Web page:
18. ^ "Matt Beard leaves Chelsea". She Kicks. 6 July 2012. Archived from the original on 13 December 2013. Retrieved 7 July 2012.
  19. ^ "2012 Table – Women's Super League". soccerway.com. Retrieved 20 May 2022.
  20. ^ "2013 Table – Women's Super League". soccerway.com. Retrieved 20 May 2022.
  21. ^ "2014 Table – Women's Super League". soccerway.com. Retrieved 20 May 2022.
  22. ^ "Chapman targets Wembley double". Sporting Life. 28 July 2015. Archived from the original on 15 January 2016. Retrieved 25 October 2015. Chelsea Ladies turned full-time at the beginning of this season and are based alongside the men at the club’s Cobham training complex.
  23. ^ "Chelsea lift FA Cup in front of record crowd". She Kicks. 2 August 2015. Archived from the original on 8 December 2015. Retrieved 2 August 2015.
  24. ^ Garry, Tom (4 October 2015). "WSL 1: Chelsea Ladies 4–0 Sunderland Ladies". BBC Sport. Retrieved 8 October 2015.
  25. ^ Hunt, Josh (15 May 2018). "Bristol City Women 0–2 Chelsea Ladies". BBC Sport. Retrieved 16 May 2018.
  26. ^ "Chelsea: Women's Super League champions renamed Chelsea FC Women". BBC Sport. 23 May 2018. Retrieved 24 May 2018.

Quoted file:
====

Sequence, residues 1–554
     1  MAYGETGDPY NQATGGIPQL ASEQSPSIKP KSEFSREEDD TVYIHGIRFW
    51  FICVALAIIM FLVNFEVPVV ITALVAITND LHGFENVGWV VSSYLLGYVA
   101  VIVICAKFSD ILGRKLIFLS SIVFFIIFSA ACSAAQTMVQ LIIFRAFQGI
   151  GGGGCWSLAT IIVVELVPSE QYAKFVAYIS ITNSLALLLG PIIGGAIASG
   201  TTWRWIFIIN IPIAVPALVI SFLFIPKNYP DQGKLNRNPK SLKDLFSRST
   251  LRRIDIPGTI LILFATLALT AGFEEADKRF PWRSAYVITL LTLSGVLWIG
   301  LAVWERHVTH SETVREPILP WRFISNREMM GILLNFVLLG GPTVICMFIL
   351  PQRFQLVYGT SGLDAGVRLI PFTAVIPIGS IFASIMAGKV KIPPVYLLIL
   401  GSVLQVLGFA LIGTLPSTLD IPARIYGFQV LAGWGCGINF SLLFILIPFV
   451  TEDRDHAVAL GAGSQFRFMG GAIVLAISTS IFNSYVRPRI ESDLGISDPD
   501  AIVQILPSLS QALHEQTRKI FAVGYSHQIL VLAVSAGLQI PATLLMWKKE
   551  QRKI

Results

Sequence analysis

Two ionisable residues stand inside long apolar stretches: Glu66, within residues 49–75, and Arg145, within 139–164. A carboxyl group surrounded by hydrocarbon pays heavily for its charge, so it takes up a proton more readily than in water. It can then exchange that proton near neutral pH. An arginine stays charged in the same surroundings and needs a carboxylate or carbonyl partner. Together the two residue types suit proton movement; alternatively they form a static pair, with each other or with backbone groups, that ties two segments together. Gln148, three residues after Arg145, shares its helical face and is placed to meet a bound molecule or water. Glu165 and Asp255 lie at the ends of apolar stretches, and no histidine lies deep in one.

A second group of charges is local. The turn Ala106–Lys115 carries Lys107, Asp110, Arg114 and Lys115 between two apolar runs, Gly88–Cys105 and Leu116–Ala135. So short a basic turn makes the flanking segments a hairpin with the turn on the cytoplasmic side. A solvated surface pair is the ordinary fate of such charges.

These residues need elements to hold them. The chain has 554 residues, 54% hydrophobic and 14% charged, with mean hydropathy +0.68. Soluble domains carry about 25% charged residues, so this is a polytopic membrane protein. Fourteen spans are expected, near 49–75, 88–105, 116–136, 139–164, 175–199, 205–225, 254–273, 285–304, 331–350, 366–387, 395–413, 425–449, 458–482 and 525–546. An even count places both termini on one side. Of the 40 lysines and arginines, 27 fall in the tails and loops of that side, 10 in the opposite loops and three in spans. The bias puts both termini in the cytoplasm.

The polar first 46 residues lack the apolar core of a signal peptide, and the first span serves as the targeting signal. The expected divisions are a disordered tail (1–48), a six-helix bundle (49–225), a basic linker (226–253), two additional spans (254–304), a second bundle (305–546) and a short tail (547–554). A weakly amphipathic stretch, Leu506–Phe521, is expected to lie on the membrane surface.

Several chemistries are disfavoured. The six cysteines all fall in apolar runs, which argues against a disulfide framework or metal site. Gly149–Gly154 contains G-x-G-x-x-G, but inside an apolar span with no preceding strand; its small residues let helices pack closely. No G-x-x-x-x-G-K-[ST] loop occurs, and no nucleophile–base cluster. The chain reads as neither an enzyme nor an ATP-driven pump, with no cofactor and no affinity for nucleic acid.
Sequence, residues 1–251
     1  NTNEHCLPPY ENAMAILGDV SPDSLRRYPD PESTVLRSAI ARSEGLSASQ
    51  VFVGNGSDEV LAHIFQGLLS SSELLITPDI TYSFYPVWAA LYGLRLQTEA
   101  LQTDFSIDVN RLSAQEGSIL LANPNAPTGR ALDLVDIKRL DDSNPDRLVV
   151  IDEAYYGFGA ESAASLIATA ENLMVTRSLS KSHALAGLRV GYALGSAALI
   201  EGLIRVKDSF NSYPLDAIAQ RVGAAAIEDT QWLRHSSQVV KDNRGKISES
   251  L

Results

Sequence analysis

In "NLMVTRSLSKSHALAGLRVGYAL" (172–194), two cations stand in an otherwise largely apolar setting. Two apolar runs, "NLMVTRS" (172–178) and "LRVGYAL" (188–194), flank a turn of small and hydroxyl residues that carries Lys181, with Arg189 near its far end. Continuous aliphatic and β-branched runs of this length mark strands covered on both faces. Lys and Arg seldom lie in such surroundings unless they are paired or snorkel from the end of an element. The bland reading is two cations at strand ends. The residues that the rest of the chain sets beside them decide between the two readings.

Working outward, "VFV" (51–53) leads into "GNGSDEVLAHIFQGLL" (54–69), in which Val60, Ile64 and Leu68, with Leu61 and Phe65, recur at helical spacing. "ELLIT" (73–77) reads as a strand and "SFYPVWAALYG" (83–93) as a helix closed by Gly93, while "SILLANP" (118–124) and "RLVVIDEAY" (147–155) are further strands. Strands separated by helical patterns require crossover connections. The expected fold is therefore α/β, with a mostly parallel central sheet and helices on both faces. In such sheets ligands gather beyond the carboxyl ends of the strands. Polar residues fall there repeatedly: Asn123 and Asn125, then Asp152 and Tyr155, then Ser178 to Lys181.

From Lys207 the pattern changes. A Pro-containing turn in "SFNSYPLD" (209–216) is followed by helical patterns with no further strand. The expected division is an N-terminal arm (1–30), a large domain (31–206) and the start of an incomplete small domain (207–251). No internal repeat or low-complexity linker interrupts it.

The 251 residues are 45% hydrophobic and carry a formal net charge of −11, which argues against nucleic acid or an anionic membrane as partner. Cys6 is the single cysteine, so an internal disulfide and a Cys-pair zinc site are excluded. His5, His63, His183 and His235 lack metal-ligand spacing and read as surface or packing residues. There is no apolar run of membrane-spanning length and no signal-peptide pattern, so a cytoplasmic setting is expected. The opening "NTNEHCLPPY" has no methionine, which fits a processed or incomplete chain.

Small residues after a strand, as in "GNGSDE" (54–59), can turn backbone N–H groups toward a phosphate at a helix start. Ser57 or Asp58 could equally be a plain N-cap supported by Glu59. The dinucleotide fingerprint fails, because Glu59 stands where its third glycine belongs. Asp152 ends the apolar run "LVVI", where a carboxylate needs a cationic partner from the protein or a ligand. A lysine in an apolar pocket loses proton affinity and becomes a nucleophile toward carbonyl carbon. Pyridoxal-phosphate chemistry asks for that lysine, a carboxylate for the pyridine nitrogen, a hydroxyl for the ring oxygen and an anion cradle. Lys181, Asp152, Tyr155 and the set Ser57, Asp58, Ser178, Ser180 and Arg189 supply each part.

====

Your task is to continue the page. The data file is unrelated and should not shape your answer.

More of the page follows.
27. ^ a b Marsh, Charlotte (9 May 2021). "Chelsea Women win 2020/21 Women's Super League title with Man City Women second, Bristol City Women relegated". Sky Sports. Archived from the original on 10 May 2021.
  28. ^ "Aluko: 'Relentless' Chelsea the best team in the world". Sky Sports. 10 May 2021. Archived from the original on 10 May 2021.
  29. ^ "Chelsea 2–0 Man City in Women's Community Shield: Millie Bright stunner helps Blues win". BBC Sport. 29 August 2020. Retrieved 20 May 2022.
  30. ^ "Bristol City Women 0–6 Chelsea Women: Fran Kirby inspires Blues to League Cup triumph". BBC Sport. 14 March 2021. Retrieved 20 May 2022.
  31. ^ "Chelsea vs. Reading – Football Match Report – May 9, 2021". ESPN. Retrieved 20 May 2022.